Depression is a frequent problem in people who have been diagnosed with Type 2 diabetes and can lead to a poorer prognosis. According to the American Diabetes Association and the Mayo Clinic in the United States, the reason for the association is not clear but several possible culprits could contribute…
- one possibility is the stress of managing the condition,
- another could be a feeling of isolation from family and friends.
Complications associated with Type 2 diabetes can be depressing as well. A vicious cycle can be formed if depression makes it difficult to make good decisions about healthy eating or make patients feel too tired to exercise.
Scientists at the University of Bamberg in Bamberg, Germany and several other research centers, tested the effects of a program to motivate diabetics in self-care. The program was designed to lower stress levels in diabetics by helping them to become competent to manage their condition. The University of Bamberg’s study aimed to learn whether the program could lower the risk of depression. The program, DIAMOS – Diabetes Motivation Strengthening, was compared with the usual Type 2 diabetes education program.
The study, reported on in the journal Diabetes Care in January 2015, included 214 diabetic participants, 34.1 percent with Type 2 diabetes. It was found after 12 months…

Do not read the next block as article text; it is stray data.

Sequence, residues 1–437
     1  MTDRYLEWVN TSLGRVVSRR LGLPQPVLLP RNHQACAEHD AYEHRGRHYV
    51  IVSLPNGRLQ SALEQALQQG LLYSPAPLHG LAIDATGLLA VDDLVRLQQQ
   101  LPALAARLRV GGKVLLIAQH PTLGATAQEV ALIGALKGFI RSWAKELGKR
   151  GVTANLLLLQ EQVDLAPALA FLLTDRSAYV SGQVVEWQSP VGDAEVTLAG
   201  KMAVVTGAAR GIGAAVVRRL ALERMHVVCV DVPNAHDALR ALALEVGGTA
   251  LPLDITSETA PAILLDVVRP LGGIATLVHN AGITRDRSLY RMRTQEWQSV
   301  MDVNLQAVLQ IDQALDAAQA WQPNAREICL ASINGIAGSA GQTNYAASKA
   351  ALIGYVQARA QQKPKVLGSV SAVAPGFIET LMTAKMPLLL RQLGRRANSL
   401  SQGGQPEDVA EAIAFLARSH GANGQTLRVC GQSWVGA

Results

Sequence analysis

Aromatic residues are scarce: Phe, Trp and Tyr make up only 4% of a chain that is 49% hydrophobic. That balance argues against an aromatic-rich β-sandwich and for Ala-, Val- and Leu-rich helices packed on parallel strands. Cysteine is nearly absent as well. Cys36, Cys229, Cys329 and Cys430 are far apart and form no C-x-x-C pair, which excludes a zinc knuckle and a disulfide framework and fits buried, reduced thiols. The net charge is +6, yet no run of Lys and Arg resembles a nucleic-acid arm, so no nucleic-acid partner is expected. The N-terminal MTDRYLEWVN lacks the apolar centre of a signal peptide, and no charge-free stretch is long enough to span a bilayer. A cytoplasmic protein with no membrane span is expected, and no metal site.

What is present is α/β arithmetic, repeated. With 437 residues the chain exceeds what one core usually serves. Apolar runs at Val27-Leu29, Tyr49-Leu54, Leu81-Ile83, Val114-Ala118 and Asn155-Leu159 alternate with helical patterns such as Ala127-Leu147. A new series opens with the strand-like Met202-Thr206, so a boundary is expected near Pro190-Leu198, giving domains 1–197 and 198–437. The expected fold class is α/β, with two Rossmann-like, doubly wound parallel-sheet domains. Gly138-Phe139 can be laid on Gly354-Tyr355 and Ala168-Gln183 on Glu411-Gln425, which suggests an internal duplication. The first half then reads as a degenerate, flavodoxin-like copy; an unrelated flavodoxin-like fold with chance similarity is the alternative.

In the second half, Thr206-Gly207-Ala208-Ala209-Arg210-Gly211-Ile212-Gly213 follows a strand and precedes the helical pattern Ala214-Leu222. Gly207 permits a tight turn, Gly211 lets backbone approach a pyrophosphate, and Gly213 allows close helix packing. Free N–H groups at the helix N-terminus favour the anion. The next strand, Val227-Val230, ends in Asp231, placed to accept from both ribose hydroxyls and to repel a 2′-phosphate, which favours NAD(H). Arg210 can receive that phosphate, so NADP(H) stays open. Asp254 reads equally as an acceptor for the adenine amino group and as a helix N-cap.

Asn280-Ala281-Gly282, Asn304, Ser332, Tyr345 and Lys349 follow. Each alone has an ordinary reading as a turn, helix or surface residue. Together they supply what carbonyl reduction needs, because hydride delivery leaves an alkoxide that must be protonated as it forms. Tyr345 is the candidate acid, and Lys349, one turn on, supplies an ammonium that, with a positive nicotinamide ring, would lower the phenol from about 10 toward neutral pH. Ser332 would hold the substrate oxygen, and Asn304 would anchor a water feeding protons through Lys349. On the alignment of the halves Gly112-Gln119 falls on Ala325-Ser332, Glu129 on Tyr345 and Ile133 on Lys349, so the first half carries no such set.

- diabetics assigned to the DIAMOS program had a significant lowering of depressive symptoms compared with the control group.
- the DIAMOS participants also had a 37 percent lower risk of developing major depression during that time than did the controls patients, as well as suffering lower levels of distress over their condition.
From the above results it was concluded the DIAMOS program appears to be effective for lowering symptoms of depression and prevents major depressive disorder. Being a new program, DIAMOS is not readily available but given the study results it could become a clinical option.
Type 2 diabetics suffering from depression should see their family doctor for a referral to a specialist. Some signs and symptoms include: feeling sad, reduced interest in usual activities, irritability, weight loss or gain, change in appetite, insomnia, too much sleep, restlessness or slowed movements, tiredness, feelings of worthlessness, or feelings of guilt, or thoughts of suicide.
When depression or major depressive disorder is diagnosed, it can be treated with talk therapy, in support group, or medications that help restore the brain to its normal chemical balance. Some things patients can do on their own include…
- eating a variety of healthy foods,
- watching comedies, or
- spending time with friends.